If TI think that embedded devices is going to be an easy win, they are mistaken - Intel are intent on making sure they don';t get left behind again, and the existing mobile device players have already given thought to what else can use their chips, so TI will find themselves as welcome in dishwashers as they are in mobile phones.
Perhaps the story should have been "Texas Instruments announce strategy to fade away".
I have heard that before...
Wasn't that Renesas point?, apart of being the No-ARM company. They are not too well right now.
Or they can just keep charging $100 for a 20 year old calculator
Two largest players?
Must have been talking about Samsung and Nokia then.
(Before anyone says, the distinction between "smart" and "feature" phones is a marketing one, and they all have ARM processors anyway).
I have only one word to say...
The current race for faster chips and the focus on graphics makes it hard for TI to compete. Their top line chips being the OMAP4 has been struggling to keep up the pace and has been losing design wins to the quad cores of Nvidia and Qualcomm in the independent market. Their latest chips have been in the low cost segment made up by Kindle, Nook and Tab2s from Samsung. The last of these really says something because it means TI are having to sell their chips so cheaply that it is cheaper for Samsung to use the 4470 than their own and TI isn't making much money that way.
Part of it may be that TI lacks a quad core Cortex-A9 and that hampers performance but it's clear that the margins are starting to be cut razor thin as smartphone SOCs make like PCs and race toward commodity status. Of course that may eventually come back to bite ARM as the other players shave pennies from their profits and the royalty to ARM start becoming a bigger slice allowing a competitor to enter, did someone say Intel, MIPS? It might be good for TI to pivot early and focus their R&D dollars on other markets. Perhaps the next great breakthroughs will be smarthome or automotive infotainment or something not even realized yet. It isn't like the world will be using fewer processors and micros in the coming years after all. Companies like Xilinx aren't exactly hurting because they're not selling smartphone SOCs so there is no reason TI can't do the same if they find a nice niche.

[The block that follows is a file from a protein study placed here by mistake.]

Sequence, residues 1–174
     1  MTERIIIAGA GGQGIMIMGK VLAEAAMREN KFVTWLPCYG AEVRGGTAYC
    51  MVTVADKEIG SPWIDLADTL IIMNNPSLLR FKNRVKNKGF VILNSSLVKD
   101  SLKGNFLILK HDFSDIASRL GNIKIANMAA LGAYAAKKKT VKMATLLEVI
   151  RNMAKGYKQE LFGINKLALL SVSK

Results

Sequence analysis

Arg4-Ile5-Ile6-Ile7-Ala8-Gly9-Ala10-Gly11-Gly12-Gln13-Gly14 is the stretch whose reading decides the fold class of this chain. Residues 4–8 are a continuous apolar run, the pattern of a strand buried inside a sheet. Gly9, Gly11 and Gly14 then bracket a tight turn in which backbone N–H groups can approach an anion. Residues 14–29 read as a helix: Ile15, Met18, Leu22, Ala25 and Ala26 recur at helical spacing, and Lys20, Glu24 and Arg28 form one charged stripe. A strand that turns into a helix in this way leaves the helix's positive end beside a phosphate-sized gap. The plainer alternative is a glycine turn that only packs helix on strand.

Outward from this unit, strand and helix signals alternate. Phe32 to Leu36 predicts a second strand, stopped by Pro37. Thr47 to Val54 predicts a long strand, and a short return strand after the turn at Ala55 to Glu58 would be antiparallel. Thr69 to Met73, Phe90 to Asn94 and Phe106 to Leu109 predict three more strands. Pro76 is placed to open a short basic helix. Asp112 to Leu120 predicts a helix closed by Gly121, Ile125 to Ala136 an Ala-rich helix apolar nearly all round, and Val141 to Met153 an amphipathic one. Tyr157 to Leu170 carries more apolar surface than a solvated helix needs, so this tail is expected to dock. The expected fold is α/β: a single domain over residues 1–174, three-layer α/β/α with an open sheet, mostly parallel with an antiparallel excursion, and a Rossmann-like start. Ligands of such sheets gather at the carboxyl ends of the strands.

You'd have thought TI would have learned from the calculator wars or from when Commodore dropped the price of the VIC20, thus forcing TI out of the home computer market.
It's the same old problem as back then, vertical integration. Meaning anyone specialising in just flogging chips it out of the market.
What is the dishwasher going to do once connected to the net? I'm not concerned. It's when they connect the toilet to the net when I'll be concerned. It knows too much.
They don't make them speak with that annoying synthesised American accent their old speak and spell/maths/write education toys used to use.